Decided: November 6, 1978.
IN THE MATTER OF ROY E. MAHONEY, AN ATTORNEY AT LAW
On Order to Show Cause why respondent should not be disbarred or otherwise disciplined.
For suspension for three years -- Chief Justice Hughes and Justices Mountain, Sullivan, Pashman, Clifford, Schreiber and Handler. Opposed -- None.
[78 NJ Page 248] Respondent, Roy E. Mahoney, is a member of the bar of this State, admitted in 1973. This disciplinary proceeding against him stems from three ethics complaints filed with the Camden County Ethics Committee charging respondent with the misuse of trust funds, and two additional complaints that he had failed to represent clients zealously.
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On April 5, 1977, an order was entered by this Court, consented to by respondent, temporarily suspending him from the practice of law pending final disposition of these matters. The hearing on the ethics complaints took place on June 28, 1977. Respondent, although given due notice, did not appear to contest the charges. Bank records of his attorney account for 1976, which had been subpoenaed, were marked in evidence.
The Committee, in the Presentment filed by it after the hearing, found respondent guilty of three ethical violations, two of which involved the misuse of trust funds. In one case, respondent had been given $1,000 by his clients in July 1976 to be held in escrow in connection with the sale of certain property. The clients, after trying unsuccessfully for several weeks to communicate with respondent with regard to the closing, retained other counsel who were unable to get respondent to return numerous telephone calls made to his office. A mailgram to respondent about the $1,000 escrow deposit went unanswered. It was not until after a formal complaint, dated July 20, 1977, had been filed with the Ethics Committee that respondent appeared at the new counsel's office and delivered a $1,000 check drawn on respondent's attorney account. The check cleared and the clients suffered no financial loss. However, bank records of respondent's attorney account during the period he was supposed to be holding the $1,000, show at times a balance of less than $100.
In the other trust fund case, respondent, at an April 26, 1976 closing of a mortgage loan being made to respondent's client in connection with the purchase of property, retained $6,800 from the loan proceeds for the purpose of paying off an existing mortgage on the property being purchased. Respondent did not pay off this mortgage and, as of June 27, 1977, the date of the hearing before the Committee, the mortgage was still open of record and the client was obliged to continue interest and principal payments thereon in order to avoid foreclosure. Bank records of respondent's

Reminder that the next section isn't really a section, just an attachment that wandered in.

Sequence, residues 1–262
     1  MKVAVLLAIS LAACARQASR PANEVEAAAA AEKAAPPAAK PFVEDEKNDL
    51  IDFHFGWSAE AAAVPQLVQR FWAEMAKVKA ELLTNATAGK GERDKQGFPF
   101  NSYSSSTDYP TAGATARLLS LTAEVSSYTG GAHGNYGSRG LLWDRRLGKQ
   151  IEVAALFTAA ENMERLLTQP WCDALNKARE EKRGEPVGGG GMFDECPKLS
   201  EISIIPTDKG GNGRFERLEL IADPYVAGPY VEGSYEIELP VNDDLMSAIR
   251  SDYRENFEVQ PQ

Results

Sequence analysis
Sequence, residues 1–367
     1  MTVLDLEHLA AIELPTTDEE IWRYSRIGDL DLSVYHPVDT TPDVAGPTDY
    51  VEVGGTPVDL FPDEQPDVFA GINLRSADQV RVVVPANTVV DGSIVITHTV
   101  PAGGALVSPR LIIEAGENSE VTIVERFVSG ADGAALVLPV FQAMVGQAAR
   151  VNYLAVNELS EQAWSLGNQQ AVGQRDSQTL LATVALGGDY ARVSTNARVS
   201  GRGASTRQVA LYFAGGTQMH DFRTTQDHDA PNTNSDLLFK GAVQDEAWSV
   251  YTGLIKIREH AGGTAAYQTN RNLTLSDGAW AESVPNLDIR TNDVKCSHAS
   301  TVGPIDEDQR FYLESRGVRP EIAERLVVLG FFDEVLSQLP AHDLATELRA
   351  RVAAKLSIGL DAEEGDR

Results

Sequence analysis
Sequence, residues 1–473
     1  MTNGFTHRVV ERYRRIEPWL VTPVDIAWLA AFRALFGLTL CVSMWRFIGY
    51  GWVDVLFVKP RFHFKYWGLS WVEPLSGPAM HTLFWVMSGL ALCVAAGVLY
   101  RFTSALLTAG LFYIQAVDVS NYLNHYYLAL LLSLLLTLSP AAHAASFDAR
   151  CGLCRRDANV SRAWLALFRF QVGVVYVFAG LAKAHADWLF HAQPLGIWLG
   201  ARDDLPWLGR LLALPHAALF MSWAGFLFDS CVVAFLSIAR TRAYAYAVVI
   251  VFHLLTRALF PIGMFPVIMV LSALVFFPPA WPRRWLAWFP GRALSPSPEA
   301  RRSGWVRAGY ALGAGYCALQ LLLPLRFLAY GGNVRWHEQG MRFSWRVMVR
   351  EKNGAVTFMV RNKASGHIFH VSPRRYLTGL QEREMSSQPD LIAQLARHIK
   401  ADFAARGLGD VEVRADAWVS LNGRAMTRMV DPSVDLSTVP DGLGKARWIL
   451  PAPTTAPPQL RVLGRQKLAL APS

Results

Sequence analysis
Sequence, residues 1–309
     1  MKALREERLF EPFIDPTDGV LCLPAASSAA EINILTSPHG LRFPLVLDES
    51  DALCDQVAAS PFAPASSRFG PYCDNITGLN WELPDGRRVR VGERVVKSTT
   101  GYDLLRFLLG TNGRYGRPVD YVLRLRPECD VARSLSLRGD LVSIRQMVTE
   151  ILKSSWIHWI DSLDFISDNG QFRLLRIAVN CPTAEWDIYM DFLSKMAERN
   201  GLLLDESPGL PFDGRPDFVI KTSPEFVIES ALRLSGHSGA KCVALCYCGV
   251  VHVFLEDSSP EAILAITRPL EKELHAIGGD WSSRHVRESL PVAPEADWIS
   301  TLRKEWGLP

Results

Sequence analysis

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attorney account show a December 31, 1976 balance of $134.66. Since the filing of the Presentment and the hearing thereon before this Court, Central Ethics has ascertained and verified that respondent has satisfied this mortgage in full, had it cancelled of record, and the client has been repaid all expenses to which he had been put.
The third matter in which the Committee found unethical conduct did not involve trust funds. Respondent had been retained to represent a husband and wife who were selling their home and also buying a new home under construction. However, thereafter the clients experienced considerable difficulty in attempting to reach respondent by telephone and letter. Ultimately, they were obliged to work out the problems themselves and appear pro se at the closing. The Committee found that respondent (1) failed to seek the lawful objectives of his clients through reasonably available means permitted by law; (2) failed to carry out a contract of employment entered into with clients for professional services; (3) prejudiced and damaged his clients during the course of the professional relationship; and (4) withdrew from representation of his clients without taking reasonable steps to avoid foreseeable prejudice to their rights, all in violation of DR 7-101(A)(1), (2) and (3) and DR 2-110(A)(2).
As to the second complaint charging respondent with dereliction in the representation of still another client, the Committee found no evidence of unethical conduct.
The Committee declined to consider or to receive testimony as to a complaint charging respondent with the misuse of some $10,000 in estate trust funds. The reason given was that criminal charges arising out of this matter were pending against respondent. While the Committee made no findings as to this complaint, the record shows that a claim was filed with the Clients' Security Fund by the estate charging respondent with the conversion of $10,711.16 in estate funds. This claim was withdrawn in June 1977. Central Ethics
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advises that the withdrawal was based on respondent's having reimbursed the estate in full.
Respondent is undoubtedly guilty of serious ethical violations. He has been shown to have misappropriated substantial amounts of trust funds. The fact that ultimately he has repaid all of the money does not excuse his conduct. His unavailability to clients, and his failure to attend to clients' needs, are additional aggravations.
Aside from repayment, the only other mitigating factors are respondent's youth and inexperience, and his contriteness when he appeared before this Court. Ordinarily, disbarment would be called for. However, in light of the mitigating circumstances we are moved to withhold the ultimate sanction and suspend respondent for a period of three years and until the further order of the Court, which suspension is to run from April 5, 1977.